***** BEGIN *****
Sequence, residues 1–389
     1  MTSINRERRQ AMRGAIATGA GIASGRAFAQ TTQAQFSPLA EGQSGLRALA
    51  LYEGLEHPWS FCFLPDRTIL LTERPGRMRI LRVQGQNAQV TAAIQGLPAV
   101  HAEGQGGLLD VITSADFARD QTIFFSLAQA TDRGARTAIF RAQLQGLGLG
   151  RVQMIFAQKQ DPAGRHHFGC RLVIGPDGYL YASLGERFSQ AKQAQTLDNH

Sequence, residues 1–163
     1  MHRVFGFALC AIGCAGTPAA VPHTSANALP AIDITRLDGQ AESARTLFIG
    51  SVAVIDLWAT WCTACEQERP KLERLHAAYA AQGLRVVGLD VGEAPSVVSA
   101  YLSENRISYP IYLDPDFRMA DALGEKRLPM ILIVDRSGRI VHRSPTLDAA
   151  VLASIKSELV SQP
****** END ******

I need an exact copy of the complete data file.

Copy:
Sequence, residues 1–389
     1  MTSINRERRQ AMRGAIATGA GIASGRAFAQ TTQAQFSPLA EGQSGLRALA
    51  LYEGLEHPWS FCFLPDRTIL LTERPGRMRI LRVQGQNAQV TAAIQGLPAV
   101  HAEGQGGLLD VITSADFARD QTIFFSLAQA TDRGARTAIF RAQLQGLGLG
   151  RVQMIFAQKQ DPAGRHHFGC RLVIGPDGYL YASLGERFSQ AKQAQTLDNH

Sequence, residues 1–163
     1  MHRVFGFALC AIGCAGTPAA VPHTSANALP AIDITRLDGQ AESARTLFIG
    51  SVAVIDLWAT WCTACEQERP KLERLHAAYA AQGLRVVGLD VGEAPSVVSA
   101  YLSENRISYP IYLDPDFRMA DALGEKRLPM ILIVDRSGRI VHRSPTLDAA
   151  VLASIKSELV SQP